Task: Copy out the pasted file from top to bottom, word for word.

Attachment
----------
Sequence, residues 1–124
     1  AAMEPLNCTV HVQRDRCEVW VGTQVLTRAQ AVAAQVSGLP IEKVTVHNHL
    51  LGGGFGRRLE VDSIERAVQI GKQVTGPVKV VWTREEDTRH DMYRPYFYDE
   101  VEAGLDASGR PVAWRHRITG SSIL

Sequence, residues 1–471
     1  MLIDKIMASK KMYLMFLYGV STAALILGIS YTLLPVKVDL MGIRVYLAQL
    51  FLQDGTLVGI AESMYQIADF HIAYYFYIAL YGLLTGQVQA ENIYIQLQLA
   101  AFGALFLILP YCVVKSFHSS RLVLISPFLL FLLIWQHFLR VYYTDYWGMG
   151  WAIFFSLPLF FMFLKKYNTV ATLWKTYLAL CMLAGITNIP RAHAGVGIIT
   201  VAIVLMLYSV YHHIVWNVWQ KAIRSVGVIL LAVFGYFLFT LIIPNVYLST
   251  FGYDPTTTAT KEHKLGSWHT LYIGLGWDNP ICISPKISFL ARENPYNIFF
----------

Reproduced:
Sequence, residues 1–124
     1  AAMEPLNCTV HVQRDRCEVW VGTQVLTRAQ AVAAQVSGLP IEKVTVHNHL
    51  LGGGFGRRLE VDSIERAVQI GKQVTGPVKV VWTREEDTRH DMYRPYFYDE
   101  VEAGLDASGR PVAWRHRITG SSIL

Sequence, residues 1–471
     1  MLIDKIMASK KMYLMFLYGV STAALILGIS YTLLPVKVDL MGIRVYLAQL
    51  FLQDGTLVGI AESMYQIADF HIAYYFYIAL YGLLTGQVQA ENIYIQLQLA
   101  AFGALFLILP YCVVKSFHSS RLVLISPFLL FLLIWQHFLR VYYTDYWGMG
   151  WAIFFSLPLF FMFLKKYNTV ATLWKTYLAL CMLAGITNIP RAHAGVGIIT
   201  VAIVLMLYSV YHHIVWNVWQ KAIRSVGVIL LAVFGYFLFT LIIPNVYLST
   251  FGYDPTTTAT KEHKLGSWHT LYIGLGWDNP ICISPKISFL ARENPYNIFF